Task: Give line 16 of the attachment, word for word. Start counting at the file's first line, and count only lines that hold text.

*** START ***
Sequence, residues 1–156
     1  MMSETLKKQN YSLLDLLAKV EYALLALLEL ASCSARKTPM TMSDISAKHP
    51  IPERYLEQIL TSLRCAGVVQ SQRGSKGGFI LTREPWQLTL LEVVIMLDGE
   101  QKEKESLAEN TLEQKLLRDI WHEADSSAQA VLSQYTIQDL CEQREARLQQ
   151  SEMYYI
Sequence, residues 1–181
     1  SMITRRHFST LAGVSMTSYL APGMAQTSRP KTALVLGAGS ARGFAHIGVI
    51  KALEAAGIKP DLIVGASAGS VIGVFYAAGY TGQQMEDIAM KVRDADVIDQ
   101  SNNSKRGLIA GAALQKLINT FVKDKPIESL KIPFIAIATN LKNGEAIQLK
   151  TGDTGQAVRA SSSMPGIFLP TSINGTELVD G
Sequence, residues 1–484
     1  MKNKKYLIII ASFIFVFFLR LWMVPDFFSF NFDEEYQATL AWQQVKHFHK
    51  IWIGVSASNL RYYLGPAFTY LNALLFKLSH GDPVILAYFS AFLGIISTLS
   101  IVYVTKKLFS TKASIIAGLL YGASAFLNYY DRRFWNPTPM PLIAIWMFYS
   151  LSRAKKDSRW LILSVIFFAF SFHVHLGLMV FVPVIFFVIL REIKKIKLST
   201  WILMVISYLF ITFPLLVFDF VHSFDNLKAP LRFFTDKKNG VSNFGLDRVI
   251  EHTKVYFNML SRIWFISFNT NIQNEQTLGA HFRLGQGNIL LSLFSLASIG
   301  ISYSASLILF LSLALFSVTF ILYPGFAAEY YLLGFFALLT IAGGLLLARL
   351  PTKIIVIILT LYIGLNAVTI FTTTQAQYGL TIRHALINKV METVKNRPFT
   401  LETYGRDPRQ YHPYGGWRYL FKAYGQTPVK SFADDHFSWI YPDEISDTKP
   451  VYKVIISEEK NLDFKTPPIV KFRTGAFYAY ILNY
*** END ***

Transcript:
   201  WILMVISYLF ITFPLLVFDF VHSFDNLKAP LRFFTDKKNG VSNFGLDRVI